The prospect of a Donald Trump presidency unnerves business people and economists who see him as a reckless novice who might disrupt trade and a struggling global economy.
Trump’s shifting and radical positions on key issues and lack of details such as who might be appointed to Cabinet posts heightened jitters by leaving many uncertain about the direction of the world’s biggest economy and market.
“We simply can’t know what type of President Trump will be,” said Paul Ashworth, chief U.S. economist for Capital Economics, in a report.
“Will he be the demagogue from the campaign trail, who threatened to lock up his political opponents, punish the media, build border walls and start a global trade war?” said Ashford. “Or is he capable of becoming a statesmanlike figure who leads in a more measured manner?”
Due to such uncertainty, risks to global growth will rise as companies wait to see what Washington does, said South Korea’s finance minister, Yoo Il-ho, according to a government statement.
In a victory speech, Trump was conciliatory but pledged to put U.S. interests first. He gave no additional details about his plans.
“I want to tell the world community that while we will always put America’s interests first, we will deal fairly with everyone. With everyone. All people and all other nations,” Trump said. “We will seek common ground, not hostility. Partnership, not conflict.”
Here are the latest on developments in financial markets (All times Frankfort time):
The ruble had been down in early trading but is now trading at around 63.8 rubles to the dollar and near to yesterday’s close.
Moscow-based Sberbank analyst Tom Levinson says the ruble has proved among the “most resilient” of world currencies in part due to expectations for “greater communication on the political level” between the U.S. and Russia, as well as Russia’s lack of dependence on non-energy exports.
It’s been a similar regarding Russian stocks. The Moscow exchange’s main MICEX index had been down 1.4 percent in early trading, but swiftly recovered its losses and was trading up 1.6 percent at 1.p.m local time.
One of the main drivers of growth for the MICEX is gold and silver producer Polymetal, which was up almost 5 percent. Demand is strong worldwide for precious metals, a traditional safe haven for investors.
European stock markets and Wall Street futures have trimmed a chunk of their early losses after a relatively soft victory speech from U.S. President-elect Donald Trump.
Germany’s DAX is down 2 percent at 10,267 while the FTSE 100 index of leading British shares is 1 percent lower at 6,773.
U.S. stocks are also expected to open lower too, though by far less than earlier predictions. Dow futures are 1.6 percent lower at 17,996 while the broader S&P 500 futures are down 2 percent at 2,094.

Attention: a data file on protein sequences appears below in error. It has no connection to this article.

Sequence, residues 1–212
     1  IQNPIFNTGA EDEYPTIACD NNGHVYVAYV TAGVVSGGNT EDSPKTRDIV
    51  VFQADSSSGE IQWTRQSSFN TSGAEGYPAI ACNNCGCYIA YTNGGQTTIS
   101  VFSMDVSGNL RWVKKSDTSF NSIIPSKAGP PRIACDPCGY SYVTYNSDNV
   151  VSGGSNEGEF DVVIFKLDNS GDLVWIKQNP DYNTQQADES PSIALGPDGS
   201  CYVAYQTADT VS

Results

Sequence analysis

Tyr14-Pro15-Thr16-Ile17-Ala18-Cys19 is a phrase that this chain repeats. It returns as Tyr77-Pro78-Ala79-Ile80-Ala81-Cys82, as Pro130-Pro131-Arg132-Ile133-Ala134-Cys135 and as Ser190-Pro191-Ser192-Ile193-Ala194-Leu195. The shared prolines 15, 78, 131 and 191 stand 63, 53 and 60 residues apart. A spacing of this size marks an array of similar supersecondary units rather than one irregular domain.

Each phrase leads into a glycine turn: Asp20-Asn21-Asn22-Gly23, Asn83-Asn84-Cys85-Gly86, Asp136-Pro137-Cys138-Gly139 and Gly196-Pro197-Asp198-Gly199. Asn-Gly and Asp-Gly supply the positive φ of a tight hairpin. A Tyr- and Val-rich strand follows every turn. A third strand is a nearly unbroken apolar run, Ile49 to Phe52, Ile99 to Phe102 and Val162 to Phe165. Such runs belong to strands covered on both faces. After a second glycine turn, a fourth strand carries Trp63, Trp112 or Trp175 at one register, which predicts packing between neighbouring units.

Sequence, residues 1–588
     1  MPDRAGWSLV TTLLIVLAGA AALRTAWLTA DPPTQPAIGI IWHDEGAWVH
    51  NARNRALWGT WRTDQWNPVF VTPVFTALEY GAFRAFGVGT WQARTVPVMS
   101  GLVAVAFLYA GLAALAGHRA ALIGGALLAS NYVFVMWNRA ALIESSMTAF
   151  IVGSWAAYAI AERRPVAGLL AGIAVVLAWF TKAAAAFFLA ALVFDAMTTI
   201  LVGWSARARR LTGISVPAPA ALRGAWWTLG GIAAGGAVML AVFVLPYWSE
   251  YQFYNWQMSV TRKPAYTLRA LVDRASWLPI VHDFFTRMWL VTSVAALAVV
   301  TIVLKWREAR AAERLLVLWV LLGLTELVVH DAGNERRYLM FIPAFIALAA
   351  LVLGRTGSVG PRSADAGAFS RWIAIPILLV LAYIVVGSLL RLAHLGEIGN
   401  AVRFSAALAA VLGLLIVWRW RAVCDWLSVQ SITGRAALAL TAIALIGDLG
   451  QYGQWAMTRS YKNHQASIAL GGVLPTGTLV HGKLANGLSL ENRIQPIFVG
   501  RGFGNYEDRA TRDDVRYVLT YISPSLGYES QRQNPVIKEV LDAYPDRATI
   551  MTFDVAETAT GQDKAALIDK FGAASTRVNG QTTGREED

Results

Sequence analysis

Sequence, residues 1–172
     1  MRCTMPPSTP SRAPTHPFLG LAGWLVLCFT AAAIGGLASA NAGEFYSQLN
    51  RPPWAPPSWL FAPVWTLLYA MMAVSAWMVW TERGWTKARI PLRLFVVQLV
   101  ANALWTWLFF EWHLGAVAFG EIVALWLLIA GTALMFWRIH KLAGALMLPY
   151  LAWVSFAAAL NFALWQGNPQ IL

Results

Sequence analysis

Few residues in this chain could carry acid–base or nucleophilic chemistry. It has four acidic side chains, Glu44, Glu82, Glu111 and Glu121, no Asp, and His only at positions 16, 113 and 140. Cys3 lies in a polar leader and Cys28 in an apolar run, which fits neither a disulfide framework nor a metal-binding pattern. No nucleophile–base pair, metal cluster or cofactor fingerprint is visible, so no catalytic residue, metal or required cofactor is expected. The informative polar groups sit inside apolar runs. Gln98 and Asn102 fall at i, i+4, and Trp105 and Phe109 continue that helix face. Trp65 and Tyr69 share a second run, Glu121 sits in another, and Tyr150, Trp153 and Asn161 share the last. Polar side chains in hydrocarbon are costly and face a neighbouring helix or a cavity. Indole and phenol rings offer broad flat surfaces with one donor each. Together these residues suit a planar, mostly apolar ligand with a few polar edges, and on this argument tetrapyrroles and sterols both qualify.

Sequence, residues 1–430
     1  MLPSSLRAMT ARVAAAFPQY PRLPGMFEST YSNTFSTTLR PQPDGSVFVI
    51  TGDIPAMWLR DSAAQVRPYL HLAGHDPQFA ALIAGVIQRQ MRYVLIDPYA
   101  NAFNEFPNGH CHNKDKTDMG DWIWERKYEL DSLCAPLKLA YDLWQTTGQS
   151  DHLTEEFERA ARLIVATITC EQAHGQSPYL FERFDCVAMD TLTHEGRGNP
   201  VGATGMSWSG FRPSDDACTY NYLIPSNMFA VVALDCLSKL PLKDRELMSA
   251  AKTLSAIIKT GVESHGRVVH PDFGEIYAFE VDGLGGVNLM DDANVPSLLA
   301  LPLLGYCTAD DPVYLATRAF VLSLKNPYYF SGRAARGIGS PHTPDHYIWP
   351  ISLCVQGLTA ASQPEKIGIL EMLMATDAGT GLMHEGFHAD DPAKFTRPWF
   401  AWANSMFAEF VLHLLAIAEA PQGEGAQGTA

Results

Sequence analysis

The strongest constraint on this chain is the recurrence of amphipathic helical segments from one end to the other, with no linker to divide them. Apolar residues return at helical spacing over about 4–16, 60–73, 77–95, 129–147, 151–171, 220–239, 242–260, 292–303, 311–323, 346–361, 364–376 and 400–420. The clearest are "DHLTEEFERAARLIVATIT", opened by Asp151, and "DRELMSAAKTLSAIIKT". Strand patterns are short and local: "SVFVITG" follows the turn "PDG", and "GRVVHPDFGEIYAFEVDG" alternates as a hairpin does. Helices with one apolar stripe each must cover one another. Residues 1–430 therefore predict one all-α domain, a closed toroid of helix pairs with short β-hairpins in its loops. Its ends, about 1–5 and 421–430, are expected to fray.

Kathleen Brooks, research director at Forex.com, says Trump “definitely sounded more presidential than he has done at any stage during the election campaign” during his victory speech, in which he praised Hillary Clinton.
Brooks says the speech has helped soothe stressed markets.
As stock markets around the world take a tumble following the election of Donald Trump as president of the United States, investments traditionally viewed as safe havens are getting a lift.
Gold is up 1.8 percent at $1,297 an ounce, while the Swiss franc has risen against the dollar, which is down 0.7 percent at 0.9725 Swiss francs. The Japanese yen has also been heavily in demand, with the dollar down 1.9 percent at 103.17 yen.
European markets have opened lower after Donald Trump was elected president of the United States.
The Stoxx Europe 600 index was down 2.2 percent, while Germany’s main DAX index opened 2.9 percent lower. The euro was 0.6 percent higher at $1.1092 as the dollar dropped across the board.
Carsten Brzeski, chief economist at ING Germany, said markets faced “chaos and turmoil” in coming days because of uncertainty about what economic program Trump would follow. Germany, for instance, depends heavily on global trade, while Trump has spoken out against trade treaties.
Brzeski said global market turmoil could be worse than that which followed the British vote to leave the European Union due to the bigger role the U.S. plays in the global economy.
Japan’s benchmark Nikkei 225 has briefly plunged more than 6.1 percent as investors react to the prospect of a Trump presidency.
By late in Tokyo’s trading session, the Nikkei was down 5.2 percent, after the Kyodo News agency reported that top officials from the Bank of Japan, Finance Ministry and Financial Services Agency would meet later in the day to discuss how to respond to possible wild fluctuations in financial markets.
Japanese shares tend to gain when the yen weakens, since that can help manufacturers when they bring back profits from overseas. On Wednesday, the dollar had dropped 3.2 percent to 101.58 yen from a high of 105.46 earlier in the day.
Investors are unloading shares as prospects for a Trump presidency appear to be rising. Dow futures have tumbled 3.5 percent or 643.00 points to 17,647.00 and S&P 500 futures are down 4.1 percent or 86.50 points at 2,049.00.
Shares are tumbling across Asia, with the Nikkei 225 index in Tokyo down 4.4 percent at 16,410.55. India’s Sensex has sunk 5.4 percent to 26,164.36.
The dollar has plunged against the yen, dropping to 101.99 yen from 105.46 yen earlier in the session.
The Mexican peso, seen as a proxy for Trump’s chances of winning, has fallen 10.7 percent to 20.32 pesos to the dollar.